Lauren Flynn from Chemical Engineering, and is cross-appointed to our Department of Biomedical and Molecular Sciences received funding for her ongoing work in soft tissue engineering.

There were also CIHR awards for Queen’s scientists in other faculties; including Brian Amsden from Chemical Engineering and Randy Flanagan from Psychology.

Success in CIHR competitions is fundamental to a major element of our emerging strategic plan: to accelerate research in bold and focused areas. If this last competition is of measure of our ability to be competitive with the best from across Canada, we are in right on target.

If you have thoughts about CIHR, research in general, or any of our recent successful scientists, please comment on this blog, or better yet…stop by the Macklem House, my door is always open.

Richard

12 Responses to Research at Queen’s is on the move

  1. Aw. Cmon! This is another of those ephemeral blips in a devastating landscape! Well done Queen’s researchers for beating the average on this occasion! But let this not detract from the fact that the system needs fundamental reform, perhaps along the lines set out in my peer-review web-pages, and in my book “Tomorrow’s Cures Today? How to Reform the Health Research System” (2000).

    Organizations like the CIHR are committed to research, but do little in the way of experimentation when new funding models are suggested. If there are levers that might stir the Agencies to experiment, then it is the Council of Medical School Deans that is best placed to reach for them. But, sadly, many Deans are appointed because they are deemed “excellent” to the extent that the funding system has supported them: “I am excellent. The system thinks I am excellent. Therefore the system must be excellent.” — Onward the status quo!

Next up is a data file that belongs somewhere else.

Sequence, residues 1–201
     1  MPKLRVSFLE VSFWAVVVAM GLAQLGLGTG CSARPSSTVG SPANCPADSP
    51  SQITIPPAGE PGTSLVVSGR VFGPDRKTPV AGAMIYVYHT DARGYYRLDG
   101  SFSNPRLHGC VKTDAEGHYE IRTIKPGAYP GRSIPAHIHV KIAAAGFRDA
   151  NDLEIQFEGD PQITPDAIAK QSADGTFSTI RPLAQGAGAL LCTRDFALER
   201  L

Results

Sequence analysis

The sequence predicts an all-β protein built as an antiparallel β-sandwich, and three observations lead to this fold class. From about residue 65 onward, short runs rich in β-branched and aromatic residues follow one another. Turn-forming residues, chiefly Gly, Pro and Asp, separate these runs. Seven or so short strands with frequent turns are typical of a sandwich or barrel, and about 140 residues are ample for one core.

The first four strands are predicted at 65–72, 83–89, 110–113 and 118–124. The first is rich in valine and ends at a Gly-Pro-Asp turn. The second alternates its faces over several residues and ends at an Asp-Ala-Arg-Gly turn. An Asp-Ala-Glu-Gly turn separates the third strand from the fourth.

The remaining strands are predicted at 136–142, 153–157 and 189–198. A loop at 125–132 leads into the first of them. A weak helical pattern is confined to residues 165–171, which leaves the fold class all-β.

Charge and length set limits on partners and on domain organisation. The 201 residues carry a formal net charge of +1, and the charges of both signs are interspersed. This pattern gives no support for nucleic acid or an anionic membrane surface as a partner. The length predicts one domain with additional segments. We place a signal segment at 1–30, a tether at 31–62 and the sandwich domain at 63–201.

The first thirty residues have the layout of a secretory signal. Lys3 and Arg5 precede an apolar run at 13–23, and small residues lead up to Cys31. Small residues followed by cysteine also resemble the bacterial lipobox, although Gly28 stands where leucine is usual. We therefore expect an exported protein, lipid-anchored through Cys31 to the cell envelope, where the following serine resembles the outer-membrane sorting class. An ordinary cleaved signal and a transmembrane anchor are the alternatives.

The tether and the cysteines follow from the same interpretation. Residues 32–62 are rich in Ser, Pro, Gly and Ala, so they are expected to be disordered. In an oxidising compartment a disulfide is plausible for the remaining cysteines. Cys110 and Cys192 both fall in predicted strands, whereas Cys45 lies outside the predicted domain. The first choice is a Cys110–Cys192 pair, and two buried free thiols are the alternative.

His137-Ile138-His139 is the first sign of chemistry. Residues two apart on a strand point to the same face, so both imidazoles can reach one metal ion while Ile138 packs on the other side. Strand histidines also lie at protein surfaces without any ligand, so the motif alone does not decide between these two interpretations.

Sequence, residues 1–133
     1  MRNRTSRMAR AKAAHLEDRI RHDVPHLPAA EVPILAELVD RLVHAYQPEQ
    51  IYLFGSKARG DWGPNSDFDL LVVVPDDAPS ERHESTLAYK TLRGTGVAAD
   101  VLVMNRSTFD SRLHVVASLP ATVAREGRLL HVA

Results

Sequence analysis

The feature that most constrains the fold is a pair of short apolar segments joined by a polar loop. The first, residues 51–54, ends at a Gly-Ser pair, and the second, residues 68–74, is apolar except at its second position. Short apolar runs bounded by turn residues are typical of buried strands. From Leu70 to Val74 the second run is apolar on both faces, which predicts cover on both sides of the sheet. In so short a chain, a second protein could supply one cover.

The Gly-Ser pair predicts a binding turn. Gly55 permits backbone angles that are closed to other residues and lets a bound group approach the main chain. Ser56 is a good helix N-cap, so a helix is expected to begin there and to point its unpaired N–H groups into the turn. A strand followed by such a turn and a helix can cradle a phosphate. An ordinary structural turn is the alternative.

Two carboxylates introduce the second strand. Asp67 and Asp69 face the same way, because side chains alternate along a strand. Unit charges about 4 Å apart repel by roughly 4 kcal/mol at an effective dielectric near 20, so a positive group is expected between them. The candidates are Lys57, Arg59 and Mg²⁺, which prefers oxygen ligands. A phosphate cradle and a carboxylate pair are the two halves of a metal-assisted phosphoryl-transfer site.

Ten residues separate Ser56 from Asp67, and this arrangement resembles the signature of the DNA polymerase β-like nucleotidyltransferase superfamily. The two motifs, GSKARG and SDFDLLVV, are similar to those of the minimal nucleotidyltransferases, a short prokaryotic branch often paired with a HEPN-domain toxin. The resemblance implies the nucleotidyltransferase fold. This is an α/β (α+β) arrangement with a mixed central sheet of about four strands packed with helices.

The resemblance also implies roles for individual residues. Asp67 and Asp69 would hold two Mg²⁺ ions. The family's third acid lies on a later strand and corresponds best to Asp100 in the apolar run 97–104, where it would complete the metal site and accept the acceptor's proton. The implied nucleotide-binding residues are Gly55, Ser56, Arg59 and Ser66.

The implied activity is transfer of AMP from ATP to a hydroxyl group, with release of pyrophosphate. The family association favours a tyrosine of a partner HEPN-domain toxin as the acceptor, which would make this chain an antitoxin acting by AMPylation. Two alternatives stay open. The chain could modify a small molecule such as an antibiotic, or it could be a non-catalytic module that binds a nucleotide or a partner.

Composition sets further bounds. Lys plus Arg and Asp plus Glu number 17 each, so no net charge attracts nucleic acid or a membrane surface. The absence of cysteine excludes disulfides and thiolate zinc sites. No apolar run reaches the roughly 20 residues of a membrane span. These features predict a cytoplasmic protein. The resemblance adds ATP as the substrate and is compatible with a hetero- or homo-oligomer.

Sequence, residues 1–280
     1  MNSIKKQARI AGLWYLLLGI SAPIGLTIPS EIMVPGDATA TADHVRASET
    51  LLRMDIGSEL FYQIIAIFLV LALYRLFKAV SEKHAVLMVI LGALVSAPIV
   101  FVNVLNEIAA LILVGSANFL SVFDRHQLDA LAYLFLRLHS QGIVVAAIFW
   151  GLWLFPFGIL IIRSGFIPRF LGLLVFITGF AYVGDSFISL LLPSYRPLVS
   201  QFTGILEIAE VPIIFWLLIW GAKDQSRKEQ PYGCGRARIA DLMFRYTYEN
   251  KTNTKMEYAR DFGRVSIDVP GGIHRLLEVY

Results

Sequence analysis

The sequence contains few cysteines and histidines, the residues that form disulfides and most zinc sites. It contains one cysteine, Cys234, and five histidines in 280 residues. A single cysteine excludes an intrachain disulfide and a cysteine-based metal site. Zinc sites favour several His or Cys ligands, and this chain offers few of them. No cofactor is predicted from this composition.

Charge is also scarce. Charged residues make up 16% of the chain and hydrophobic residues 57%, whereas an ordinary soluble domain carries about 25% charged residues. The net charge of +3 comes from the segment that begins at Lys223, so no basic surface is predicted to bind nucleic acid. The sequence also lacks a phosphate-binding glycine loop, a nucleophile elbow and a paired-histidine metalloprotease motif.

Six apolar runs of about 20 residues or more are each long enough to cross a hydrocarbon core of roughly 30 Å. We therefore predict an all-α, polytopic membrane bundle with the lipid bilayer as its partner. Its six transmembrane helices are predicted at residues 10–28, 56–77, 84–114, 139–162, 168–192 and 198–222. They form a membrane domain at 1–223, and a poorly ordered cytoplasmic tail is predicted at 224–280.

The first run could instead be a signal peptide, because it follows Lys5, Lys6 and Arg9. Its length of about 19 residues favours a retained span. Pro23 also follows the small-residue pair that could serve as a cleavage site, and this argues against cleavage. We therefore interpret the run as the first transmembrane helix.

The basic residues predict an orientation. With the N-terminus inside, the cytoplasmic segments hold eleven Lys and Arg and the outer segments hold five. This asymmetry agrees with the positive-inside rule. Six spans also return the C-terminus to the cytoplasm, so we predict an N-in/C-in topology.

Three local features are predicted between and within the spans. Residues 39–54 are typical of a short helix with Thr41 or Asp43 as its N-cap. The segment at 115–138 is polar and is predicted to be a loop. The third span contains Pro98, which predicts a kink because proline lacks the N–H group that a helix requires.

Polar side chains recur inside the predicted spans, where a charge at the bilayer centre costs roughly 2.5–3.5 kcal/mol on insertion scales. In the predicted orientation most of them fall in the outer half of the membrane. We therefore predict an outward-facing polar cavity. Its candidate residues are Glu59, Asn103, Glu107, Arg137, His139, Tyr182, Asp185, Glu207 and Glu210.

• reznickr says:

      Dear Dr. Forsdyke,

      Thanks for sharing your perspectives. I must say, CIHR is about to undergo fairly signnificant reform, especially in their open suites grant program. They have indeed consulted the Deans, and have paid a visit to Queen’s campus. The new Director of research at CIHR, Ajane Aubin, herself a world class scientist, is a true listener, and is mounting a major consultative process.
      Thanks for your views,

      Richard